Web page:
The President’s action directs USCIS to expand the categories of family members who are eligible to apply under the “Provisional Unlawful Presence Waivers” rule, to include spouses and children of lawful permanent residents and sons and daughters of U.S. citizens. The new policy will significantly expand the number of individuals who are able to take advantage of the process. USCIS is also directed to provide additional guidance on the definition of hardship, to make it easier to prepare and application.

Improve The Employment Based Visa Process

The President announced several beneficial changes in the processes for visas and green cards based on employment or business. Significant backlogs exist in the employment-based green card system even as U.S. businesses face a variety of skill needs. Depending on their country of birth, some of these skilled workers are facing years long wait times to be able to file for adjustment of status, the final step in order to get a green card, once one is available. If that worker is waiting in a temporary nonimmigrant status, such as an H-1B, they are essentially locked into the same job position and title where they started. Under the current system, the spouse is not allowed to work. Many H-1B holders wait a decade to obtain a green card.

The President’s proposal addresses people with approved employment-based petitions (I-140), who are waiting for a priority date to become available to file their adjustment of status applications.  Many Indian born workers are in this position. Now they will be able to file an adjustment of status application before the visa becomes available. This fixes a major problem under the current system, and will allow these families to receive employment authorization and advance parole.

Foreign Entrepreneurs: While details are still not settled, the President’s program will allow certain inventors, researchers, and founders of start-up enterprises to be “paroled” into the United States (or be granted “parole in place” if already in the United States) if they show they have a certain amount of investment funding. DHS will also issue a new regulation or guidance clarifying that inventors, researchers, and founders of start-up enterprises are eligible to obtain a national interest waiver and, as a result, green cards. Both of these ideas have the potential to create new and better pathways for people who will create new jobs in the United States.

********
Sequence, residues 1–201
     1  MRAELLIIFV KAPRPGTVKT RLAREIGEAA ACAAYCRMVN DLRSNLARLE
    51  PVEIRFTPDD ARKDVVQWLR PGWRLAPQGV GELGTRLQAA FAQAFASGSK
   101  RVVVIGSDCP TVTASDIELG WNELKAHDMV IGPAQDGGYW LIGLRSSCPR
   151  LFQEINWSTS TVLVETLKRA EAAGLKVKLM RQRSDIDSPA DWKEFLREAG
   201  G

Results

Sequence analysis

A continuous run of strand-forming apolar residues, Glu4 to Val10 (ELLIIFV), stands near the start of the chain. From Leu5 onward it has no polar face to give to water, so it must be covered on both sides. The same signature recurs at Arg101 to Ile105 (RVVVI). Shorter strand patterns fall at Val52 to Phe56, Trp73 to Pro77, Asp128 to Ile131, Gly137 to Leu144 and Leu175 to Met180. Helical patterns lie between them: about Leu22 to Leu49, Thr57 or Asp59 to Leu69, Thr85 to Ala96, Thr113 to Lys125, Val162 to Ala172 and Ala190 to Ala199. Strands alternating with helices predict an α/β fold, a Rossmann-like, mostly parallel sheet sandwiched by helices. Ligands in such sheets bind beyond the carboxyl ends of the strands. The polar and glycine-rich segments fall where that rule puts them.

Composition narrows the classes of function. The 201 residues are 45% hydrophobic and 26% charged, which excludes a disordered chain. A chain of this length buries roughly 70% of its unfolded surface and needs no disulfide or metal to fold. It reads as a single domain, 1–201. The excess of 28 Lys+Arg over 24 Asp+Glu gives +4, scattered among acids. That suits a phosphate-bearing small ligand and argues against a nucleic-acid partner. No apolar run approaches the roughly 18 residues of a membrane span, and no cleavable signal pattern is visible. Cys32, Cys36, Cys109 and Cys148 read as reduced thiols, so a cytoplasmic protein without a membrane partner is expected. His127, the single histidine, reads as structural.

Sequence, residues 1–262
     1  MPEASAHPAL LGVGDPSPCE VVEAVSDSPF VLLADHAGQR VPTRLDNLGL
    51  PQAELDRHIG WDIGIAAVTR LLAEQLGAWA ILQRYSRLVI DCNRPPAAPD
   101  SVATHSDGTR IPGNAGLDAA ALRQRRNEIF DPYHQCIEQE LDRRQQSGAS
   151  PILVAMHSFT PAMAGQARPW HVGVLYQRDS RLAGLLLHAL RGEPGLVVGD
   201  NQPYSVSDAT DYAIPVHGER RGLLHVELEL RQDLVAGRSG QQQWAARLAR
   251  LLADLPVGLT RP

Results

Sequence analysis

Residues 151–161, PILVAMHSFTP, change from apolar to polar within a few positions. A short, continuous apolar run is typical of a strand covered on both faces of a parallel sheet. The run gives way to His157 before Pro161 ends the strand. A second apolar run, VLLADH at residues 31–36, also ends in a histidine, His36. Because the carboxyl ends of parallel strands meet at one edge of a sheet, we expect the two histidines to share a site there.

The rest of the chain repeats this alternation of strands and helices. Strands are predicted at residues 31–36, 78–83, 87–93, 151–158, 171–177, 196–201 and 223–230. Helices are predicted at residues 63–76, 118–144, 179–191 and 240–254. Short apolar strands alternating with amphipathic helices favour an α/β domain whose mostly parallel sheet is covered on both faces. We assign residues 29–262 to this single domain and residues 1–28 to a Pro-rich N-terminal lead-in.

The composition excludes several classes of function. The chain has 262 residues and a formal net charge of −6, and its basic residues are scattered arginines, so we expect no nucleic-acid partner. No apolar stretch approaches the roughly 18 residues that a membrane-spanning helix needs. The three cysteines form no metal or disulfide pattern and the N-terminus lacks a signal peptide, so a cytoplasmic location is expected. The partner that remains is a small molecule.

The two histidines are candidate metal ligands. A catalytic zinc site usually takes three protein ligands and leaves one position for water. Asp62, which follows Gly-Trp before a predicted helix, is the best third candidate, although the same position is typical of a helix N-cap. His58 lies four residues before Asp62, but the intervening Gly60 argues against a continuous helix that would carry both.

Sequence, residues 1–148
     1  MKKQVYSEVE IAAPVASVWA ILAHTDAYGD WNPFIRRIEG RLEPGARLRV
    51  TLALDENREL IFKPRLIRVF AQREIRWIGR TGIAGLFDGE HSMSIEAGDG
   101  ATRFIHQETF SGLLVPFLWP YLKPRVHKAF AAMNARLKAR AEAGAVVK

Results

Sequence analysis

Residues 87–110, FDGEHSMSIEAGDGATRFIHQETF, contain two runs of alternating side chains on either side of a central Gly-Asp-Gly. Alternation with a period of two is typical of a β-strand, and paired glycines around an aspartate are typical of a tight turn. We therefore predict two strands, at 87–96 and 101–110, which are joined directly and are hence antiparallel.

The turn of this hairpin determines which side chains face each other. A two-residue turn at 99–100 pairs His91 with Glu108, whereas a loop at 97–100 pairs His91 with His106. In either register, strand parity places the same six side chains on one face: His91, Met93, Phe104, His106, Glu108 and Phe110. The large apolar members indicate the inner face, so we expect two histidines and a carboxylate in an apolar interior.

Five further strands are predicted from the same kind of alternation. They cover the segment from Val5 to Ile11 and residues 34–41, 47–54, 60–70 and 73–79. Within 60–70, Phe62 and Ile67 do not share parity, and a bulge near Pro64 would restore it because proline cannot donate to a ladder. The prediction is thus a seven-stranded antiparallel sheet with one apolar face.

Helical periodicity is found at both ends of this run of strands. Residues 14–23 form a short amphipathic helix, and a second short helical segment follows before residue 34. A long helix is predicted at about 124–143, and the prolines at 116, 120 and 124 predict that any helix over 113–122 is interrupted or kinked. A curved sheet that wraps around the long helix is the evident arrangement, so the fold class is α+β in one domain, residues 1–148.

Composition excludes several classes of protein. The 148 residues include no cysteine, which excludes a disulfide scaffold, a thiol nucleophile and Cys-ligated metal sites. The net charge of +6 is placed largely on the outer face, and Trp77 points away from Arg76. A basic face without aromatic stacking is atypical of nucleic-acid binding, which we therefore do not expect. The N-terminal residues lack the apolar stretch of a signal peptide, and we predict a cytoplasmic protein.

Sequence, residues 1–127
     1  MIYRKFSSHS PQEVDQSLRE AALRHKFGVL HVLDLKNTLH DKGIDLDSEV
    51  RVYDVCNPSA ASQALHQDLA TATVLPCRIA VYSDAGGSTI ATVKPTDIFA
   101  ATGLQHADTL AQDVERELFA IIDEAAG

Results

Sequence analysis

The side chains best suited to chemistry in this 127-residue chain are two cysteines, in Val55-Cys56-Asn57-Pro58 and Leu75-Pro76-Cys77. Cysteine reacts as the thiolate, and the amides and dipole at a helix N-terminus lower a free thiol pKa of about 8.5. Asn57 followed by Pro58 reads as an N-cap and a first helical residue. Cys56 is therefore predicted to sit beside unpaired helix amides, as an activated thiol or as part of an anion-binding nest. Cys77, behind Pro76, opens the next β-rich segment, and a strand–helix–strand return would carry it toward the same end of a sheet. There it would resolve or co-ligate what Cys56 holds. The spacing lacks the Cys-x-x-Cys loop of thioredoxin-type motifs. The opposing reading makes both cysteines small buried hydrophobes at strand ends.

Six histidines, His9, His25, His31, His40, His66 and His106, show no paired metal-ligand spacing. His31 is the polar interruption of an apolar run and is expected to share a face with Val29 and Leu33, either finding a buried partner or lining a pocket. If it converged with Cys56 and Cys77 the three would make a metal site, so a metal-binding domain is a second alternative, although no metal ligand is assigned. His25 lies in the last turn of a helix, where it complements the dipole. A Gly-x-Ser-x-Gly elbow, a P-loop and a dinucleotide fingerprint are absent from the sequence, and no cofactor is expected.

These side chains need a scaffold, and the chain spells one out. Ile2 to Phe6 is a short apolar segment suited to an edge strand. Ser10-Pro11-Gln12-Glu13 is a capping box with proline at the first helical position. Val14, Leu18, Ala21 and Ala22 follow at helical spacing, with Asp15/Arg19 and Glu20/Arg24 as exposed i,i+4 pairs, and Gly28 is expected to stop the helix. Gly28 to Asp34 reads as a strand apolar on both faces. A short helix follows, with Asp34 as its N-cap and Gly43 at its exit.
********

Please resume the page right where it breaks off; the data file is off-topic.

Additionally, the President directed the various government agencies involved to provide more clarity and simplicity in guidance on a variety of work or business relation immigration areas. Some examples of this are L1-B visas for specialists transferring between companies, PERM, and expansion of OPT practical training for students.


Contrary to some rumors, the President is not giving out free US citizenship to anyone who asks. However, he directed the government to make the process of applying for U.S. Citizenship easier. The details are still unclear, but one of the points will include the ability of the government to accept credit cards for filing fees*. The President has also asked USCIS to conduct a study to see it some people can have reduced fees.

While the President’s action has many critics and also leaves out many groups of immigrants, the bottom line is that now more people in the immigrant community will be able to get employment authorization, (and consequently valid driver’s licenses) and will be able to work, pay taxes and contribute to the community. This summary does not contain all the details and many details still have to be worked out. However, I have already begun on preparing for some of these applications and I welcome your questions at

* As some of the reader may know, my firm has been accepting credit cards for the citizenship filing fee for many years now. I wonder if I inspired that particular reform?

The advice in this column may not apply to your specific situation, even if it seems similar in nature. The only way to obtain legal advice is by speaking with a qualified attorney and reviewing your specific circumstances. If you have any questions, please call me at (954) 522-4115.

Edward Boreth is an immigration attorney who has practiced law for 18 years. He is a director of the Citizenship Clinic. He is also an avid cricket fan.